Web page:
August 30th, 2016

If elected in November, Hillary Clinton will of course make history as the first woman US President. She will also be the seventh former Secretary of State to serve in that capacity, but the first in over 150 years. However, having more foreign affairs experience then virtually any other incumbent of the office does not mean that a Hillary Clinton presidency will yield a greater or sharper focus on international issues. While not as obvious as the case for Mr. Trump, a Clinton Presidency foreign policy while better run and implemented will also signal a US retrenchment and turning inward.

With one major exception we should expect an initial seamless continuation of the strategy and tactics of the Obama years with no major breakthroughs or initiatives. Why?

If it ain’t broken don’t fix it – Clinton has no need to run away from Obama’s foreign affairs legacy, she is comfortable with most of the US current approaches. Given her background there is no need for her to prove her leadership globally by rushing to formulate a Clinton doctrine.

Once bitten twice shy, we all remember that silly photo of Clinton and Lavrov smashing the reset button. Hillary is smart enough to know not to do that again. Her foreign policy will be professional and steady, not grandiose PR for a public photo op.

All politics is local, in this case it is. The current state of the American electorate will force her to define her Administration in terms of the deepening divide in American society. The open question that will determine her future as President will be to what extent she has internalized a need for a serious course readjustment in how America is governed as demanded by an increasing number of Americans across the political spectrum and as she described in her convention acceptance speech. If she seizes this opportunity, an opportunity the Obama was not able to grasp, she could become one of the most consequential Presidents of the 21st century. Interestingly, in doing so she will to some extent repudiate the legacy of her husband. If on the other hand, she essentially maintains the core of the current neo liberal US political economic system, she runs a significant risk of being a one term failed President. Given the suspicion around her on this, she has a short two years until the next congressional elections to settle the question. If she is nothing more then a Clinton 2.0, either Bernie Sanders or someone like him will soon begin marshaling the troops to challenge her administration and any reelection bid. It should be noted in this regard that since the creation of the modern US two party system, no president who was elected to the office following a predecessor from their own party has ever won reelection to a second term.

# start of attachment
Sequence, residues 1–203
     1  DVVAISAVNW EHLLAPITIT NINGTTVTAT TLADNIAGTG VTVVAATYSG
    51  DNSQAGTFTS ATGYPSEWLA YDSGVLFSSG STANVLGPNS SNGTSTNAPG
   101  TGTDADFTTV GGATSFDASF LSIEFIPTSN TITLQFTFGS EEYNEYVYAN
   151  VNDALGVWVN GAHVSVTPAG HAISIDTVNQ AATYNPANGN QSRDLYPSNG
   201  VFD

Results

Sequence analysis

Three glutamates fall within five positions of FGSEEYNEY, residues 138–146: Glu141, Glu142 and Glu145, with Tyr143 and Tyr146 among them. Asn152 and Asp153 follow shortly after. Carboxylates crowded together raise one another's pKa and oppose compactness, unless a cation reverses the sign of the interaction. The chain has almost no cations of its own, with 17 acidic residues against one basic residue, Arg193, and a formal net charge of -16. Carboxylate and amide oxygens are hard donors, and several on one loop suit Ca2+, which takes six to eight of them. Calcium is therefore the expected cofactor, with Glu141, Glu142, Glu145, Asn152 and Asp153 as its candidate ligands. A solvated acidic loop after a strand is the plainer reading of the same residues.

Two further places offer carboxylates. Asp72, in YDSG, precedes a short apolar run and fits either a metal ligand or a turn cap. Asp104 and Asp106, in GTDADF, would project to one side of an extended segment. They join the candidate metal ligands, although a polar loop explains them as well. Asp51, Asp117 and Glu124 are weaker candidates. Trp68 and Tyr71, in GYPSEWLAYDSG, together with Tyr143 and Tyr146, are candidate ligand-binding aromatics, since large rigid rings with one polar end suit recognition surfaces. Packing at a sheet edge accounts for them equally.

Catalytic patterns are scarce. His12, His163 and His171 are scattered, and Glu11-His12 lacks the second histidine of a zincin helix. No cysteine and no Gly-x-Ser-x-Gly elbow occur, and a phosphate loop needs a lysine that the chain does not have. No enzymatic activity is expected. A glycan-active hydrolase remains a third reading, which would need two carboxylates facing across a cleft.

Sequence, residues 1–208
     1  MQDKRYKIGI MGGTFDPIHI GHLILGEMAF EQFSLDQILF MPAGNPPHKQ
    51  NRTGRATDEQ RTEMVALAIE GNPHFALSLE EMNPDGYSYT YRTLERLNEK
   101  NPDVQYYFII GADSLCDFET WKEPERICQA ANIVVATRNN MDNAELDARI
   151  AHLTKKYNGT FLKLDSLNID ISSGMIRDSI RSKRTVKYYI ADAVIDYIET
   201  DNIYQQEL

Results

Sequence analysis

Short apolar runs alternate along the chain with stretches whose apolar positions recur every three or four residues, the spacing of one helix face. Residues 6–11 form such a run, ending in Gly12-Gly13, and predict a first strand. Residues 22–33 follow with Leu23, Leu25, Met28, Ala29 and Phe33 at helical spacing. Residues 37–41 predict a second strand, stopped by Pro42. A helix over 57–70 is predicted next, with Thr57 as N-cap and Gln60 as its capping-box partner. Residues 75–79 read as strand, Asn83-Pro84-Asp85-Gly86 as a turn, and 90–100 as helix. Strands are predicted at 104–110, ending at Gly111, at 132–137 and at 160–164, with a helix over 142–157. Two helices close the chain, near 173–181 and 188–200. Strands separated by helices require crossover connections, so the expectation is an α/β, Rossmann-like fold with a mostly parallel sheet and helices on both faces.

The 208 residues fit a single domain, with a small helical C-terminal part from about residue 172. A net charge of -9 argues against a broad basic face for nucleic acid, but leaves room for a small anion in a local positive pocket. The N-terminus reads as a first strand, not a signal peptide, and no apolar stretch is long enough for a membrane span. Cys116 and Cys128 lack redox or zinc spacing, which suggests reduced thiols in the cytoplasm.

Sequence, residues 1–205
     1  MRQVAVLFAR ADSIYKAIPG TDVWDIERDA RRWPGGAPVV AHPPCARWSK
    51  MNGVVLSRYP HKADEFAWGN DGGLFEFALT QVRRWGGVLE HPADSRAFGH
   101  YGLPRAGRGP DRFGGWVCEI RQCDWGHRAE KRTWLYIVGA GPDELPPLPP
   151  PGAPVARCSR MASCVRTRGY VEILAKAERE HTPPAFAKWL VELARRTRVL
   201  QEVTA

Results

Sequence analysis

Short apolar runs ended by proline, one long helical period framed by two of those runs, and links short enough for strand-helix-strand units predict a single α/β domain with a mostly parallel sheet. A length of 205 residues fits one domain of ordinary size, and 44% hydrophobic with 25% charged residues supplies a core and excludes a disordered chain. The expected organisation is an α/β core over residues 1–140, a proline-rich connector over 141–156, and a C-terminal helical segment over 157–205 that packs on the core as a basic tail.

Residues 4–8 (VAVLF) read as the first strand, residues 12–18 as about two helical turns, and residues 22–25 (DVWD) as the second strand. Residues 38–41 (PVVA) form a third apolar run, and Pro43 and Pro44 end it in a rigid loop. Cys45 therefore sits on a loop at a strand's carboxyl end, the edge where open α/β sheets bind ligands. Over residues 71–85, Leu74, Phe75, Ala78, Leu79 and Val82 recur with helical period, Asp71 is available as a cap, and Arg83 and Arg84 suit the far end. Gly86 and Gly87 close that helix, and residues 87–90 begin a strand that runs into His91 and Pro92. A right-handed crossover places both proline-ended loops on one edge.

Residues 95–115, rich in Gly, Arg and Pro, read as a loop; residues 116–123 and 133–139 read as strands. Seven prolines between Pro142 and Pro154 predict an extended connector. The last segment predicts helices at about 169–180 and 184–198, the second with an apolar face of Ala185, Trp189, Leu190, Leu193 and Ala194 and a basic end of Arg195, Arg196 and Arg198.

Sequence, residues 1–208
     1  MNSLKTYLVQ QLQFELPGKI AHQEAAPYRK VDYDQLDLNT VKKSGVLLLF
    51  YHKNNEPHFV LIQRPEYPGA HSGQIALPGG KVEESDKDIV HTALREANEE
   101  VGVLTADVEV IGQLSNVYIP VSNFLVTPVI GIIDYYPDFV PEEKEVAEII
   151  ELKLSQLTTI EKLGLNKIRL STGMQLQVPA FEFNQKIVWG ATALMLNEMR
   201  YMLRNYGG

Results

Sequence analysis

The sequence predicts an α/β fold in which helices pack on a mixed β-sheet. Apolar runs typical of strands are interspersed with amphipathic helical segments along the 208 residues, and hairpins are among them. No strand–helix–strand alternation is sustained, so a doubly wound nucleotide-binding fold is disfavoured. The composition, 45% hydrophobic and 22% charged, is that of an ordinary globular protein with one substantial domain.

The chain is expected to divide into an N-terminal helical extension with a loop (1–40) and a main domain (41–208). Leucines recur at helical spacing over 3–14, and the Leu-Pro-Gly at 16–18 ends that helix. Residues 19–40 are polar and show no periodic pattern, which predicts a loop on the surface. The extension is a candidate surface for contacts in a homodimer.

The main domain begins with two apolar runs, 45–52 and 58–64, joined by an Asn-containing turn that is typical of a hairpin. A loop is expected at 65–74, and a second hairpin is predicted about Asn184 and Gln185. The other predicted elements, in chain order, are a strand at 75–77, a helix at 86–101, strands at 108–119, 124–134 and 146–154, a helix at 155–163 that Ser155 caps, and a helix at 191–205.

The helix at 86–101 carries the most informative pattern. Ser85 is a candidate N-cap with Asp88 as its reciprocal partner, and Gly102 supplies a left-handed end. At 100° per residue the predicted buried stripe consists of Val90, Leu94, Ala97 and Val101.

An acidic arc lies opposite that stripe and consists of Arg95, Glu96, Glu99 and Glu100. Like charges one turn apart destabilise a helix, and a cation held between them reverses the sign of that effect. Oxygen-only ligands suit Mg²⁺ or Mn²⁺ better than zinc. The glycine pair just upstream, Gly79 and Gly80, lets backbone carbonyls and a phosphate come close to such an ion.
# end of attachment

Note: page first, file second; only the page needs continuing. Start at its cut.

So what would a President Hillary Clinton foreign policy team look like? Picking a Secretary of State when you yourself may be the most qualified candidate is complicated. On the reverse side, who would want to be Secretary when your boss has the numbers of most world leaders on her speed dial? The Party has no lack of possibilities; through it is likely she would avoid naming someone who is too closely associated with her husband’s administration. Her closest foreign policy adviser is probably Jake Sullivan who has been with her since her time at State. Given the likelihood that she will continue the Obama tendency of centralizing important foreign policy decisions in the White House it is more likely that she will keep him close by as National Security Advisor. There is also talk of a women dominated cabinet, with someone like Wendy Sherman at State, but again there is nothing Hillary needs to prove in the gender wars.

An interesting possibility would be having Sullivan at the NSC, and letting Kerry continue for sometime at State allowing her to focus on the critical domestic issues plaguing her "honeymoon". In this same vain but even most interesting, and creative would be for her to ask Joe Biden to take over at State.

Finally, back to that one exception in terms of needing early attention by a President Clinton. That is of course the issue of the pending regional trade agreements that have been supported by the Obama administration but have become a litmus test on the part of the party’s progressive wing. Hillary has already indicated she is now opposed to these agreements, but how she plays them in the early days of her administration will go along way in demonstrating her true colors. If she underestimates the depth of feeling on this, and tries somehow to finesse them forward via a few cosmetic changes, she may likely derail her administration very early on. Thereby crippling any domestic as well as foreign initiatives.

Consequently, the bottom line regardless of who wins in November, is that the incoming administration will either seek to or be compelled to reexamine some of the basic concepts of the triad of "freedoms", labor, finance, trade, that have been the foundation of the global political economic system for the past 50 years. The reverberations of this will have a significant impact abroad.

The 2017 edition of the Strategikon Annual Book – The Year of Challenging Choices

The 2017 edition of the Strategikon Annual Book – The Year of Challenging Choices

It’s not easy to be a leader, but the solution is closer than people may think and it has to do with returning to some good old fashioned traits that shaped leaders in past decades: will power, values and vision. Launched at the Good Governance Summit, The Year of Challenging Choices strives to understand the fault lines in international relations and the relevant actors, as they are and not how they appear to be.

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